What Travel Writers Say

Forty-Eight Hours in Baltimore
© by Mary Alice Downie
Domino Sugar, Baltimore Cityscape
It is an astonishing city, this 274-year-old seaport, rich in history, architecture - and jazz. Baltimore calls itself the "city that reads," and such notable writers as H.L. Mencken, Dashiell Hammett, F. Scott Fitzgerald, John Barth, Anne Tyler, and Russell Baker have called it home. Edgar Allan Poe lived (and died) here, and is buried in the Gothic cemetery of Westminster Hall.
     There is a roster of distinguished African-Americans: The great orator and editor, Frederick Douglass, a former slave, worked in the Baltimore shipyards before becoming 'the Father of Civil Liberty.' Josiah Henson, the original for Uncle Tom's Cabin was born nearby. Eubie Blake, Billie Holliday, Thurgood Marshall, called it home, the list goes on.
     For sports-fanciers, it is the home of Babe Ruth, the Lacrosse Hall of Fame Museum, the Preakness, the Orioles, and now the Super Bowl champions, the Baltimore Ravens!
     But how to choose what to see when you only have two days - after all, it is a popular stopover for snowbirds driving to and from Florida.

Baltimore Skyline

Day One:
     Begin the morning with a walking tour of the Mount Vernon area, dominated by the first major monument to George Washington. Henry James called its square the most perfect in North America. First stop, the Peabody Institute of Music, with five tiers of monumental cast iron around a marble court and 1/4 mile of books. It is a favourite spot for wedding receptions.
     Next, head for the Walters Gallery, the contribution of Henry Walters, who gave 22,000 works of art spanning 5,000 years and five continents, and a palazzo-styled building to contain it. There is a rare collection of Ethiopian icons, medieval armour, and illuminated manuscripts. An extra treat is the Asian collection in the adjacent Hackermann House, the period furnished townhouse of a 1850s merchant, with the oldest surviving wooden Buddha in the world (seventh c.)

8 inch guns at Fort McHenry   Barry Flanagan Hare in the BMA Sculpture Garden   City Map   Crab every which way at Ryleighs Oyster House

     For lunch - outside in good weather - Donna's offers a casual menu in the heart of Charles Village or try Gertrude's in the Baltimore Museum of Art overlooking not one but two Sculpture Gardens.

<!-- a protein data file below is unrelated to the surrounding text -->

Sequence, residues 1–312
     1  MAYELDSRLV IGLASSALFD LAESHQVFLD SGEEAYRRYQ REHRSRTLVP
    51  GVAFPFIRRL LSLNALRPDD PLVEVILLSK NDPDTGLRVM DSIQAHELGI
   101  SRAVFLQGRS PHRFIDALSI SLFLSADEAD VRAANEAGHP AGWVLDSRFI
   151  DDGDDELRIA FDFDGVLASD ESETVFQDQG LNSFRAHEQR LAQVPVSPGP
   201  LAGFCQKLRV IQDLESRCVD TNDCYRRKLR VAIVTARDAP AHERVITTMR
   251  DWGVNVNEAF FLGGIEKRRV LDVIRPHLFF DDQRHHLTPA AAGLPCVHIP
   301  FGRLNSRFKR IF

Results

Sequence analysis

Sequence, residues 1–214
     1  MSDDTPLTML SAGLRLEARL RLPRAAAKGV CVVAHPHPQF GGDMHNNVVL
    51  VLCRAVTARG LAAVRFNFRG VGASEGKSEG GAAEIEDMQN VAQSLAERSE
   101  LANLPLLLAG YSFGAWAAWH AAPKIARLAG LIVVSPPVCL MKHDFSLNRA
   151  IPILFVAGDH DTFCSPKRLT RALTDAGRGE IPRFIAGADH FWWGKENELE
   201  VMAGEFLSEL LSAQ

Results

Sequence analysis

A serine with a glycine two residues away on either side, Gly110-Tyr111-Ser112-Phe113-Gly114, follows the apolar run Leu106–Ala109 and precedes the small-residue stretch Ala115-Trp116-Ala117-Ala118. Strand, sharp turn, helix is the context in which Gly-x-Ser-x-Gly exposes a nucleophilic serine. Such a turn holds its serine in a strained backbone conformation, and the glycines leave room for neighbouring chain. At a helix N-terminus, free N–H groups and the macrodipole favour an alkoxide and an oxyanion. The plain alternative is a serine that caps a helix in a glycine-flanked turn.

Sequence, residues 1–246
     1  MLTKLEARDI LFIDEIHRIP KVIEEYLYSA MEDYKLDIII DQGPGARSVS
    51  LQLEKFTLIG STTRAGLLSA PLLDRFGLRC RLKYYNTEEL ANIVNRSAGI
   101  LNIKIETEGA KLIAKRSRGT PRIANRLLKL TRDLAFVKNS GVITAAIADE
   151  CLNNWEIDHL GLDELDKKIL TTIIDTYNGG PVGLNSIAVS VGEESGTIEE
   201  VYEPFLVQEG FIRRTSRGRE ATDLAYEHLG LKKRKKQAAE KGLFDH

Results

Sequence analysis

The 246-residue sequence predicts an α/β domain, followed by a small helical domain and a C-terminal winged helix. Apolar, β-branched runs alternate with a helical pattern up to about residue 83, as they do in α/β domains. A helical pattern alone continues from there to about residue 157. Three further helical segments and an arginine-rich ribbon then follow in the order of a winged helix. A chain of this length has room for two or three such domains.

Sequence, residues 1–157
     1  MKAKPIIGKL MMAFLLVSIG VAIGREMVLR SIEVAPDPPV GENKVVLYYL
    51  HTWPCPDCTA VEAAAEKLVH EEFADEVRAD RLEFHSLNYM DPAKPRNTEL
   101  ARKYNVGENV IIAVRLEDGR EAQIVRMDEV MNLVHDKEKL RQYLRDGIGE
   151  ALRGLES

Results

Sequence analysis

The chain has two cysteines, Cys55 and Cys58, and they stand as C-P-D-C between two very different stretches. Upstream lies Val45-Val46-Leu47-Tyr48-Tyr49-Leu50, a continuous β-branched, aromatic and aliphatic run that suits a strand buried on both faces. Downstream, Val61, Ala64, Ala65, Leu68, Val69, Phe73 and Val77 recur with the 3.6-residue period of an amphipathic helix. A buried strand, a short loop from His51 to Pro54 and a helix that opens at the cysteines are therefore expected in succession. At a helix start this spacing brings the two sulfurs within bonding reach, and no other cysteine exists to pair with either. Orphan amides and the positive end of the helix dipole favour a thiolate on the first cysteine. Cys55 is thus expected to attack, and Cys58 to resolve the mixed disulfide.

In the afternoon, pay a visit to one of Baltimore's enviable collection of stately homes, several built by members of one of Maryland's great families. The Carrolls were innovative with their architecture but not names - most of them were named Charles. The Homewood Museum built as a country house (1801-08) by Charles Carroll Junior enhances the campus of Johns Hopkins. This immaculately restored Federal masterpiece has been a boys' school, faculty club and offices, and was an obvious influence on the warm brick architecture of the university.
     Lucky Johns Hopkins also owns Evergreen House, a forty-eight room 1850s Italianate mansion with a private theatre by Leon Bakst. Pre-Revolutionary enthusiasts might opt for stately Mount Clare (1760) built by Charles Carroll, the Barrister, in southwest Baltimore.
     At the end of the day, after all the grandeur, head to Fells Point for a stroll on cobbled streets lined with eighteenth and nineteenth century redbrick row houses and marble steps, memories of the colonial shipyards where the famous Baltimore clipper ships were built. The gaff-rigged schooner Nighthawk(1880) is anchored there, offering Murder Mystery tours/ Buffet Moonlight Cruise. For a change of cultural space, head to the Inner Harbour for dinner northern Italian-style at Brio's Tuscan Grille. Don't miss the Lobster Bisque or the delectable Crab and Shrimp Fonduta.

Day Two
     Steep yourself in the War of 1812, which was of deep significance to Baltimoreans. Start with a visit to a major exhibition at the Maryland Historical Society. In Full Glory Reflected, Maryland during the War of 1812 provides a compelling introduction to what was until recently the "Forgotten War." There are paintings, uniforms, military and domestic objects, life-stories and maps. When Washington was being burnt to the ground by the British, Baltimore citizens watching the glowing sky from only forty miles away feared they would be the next!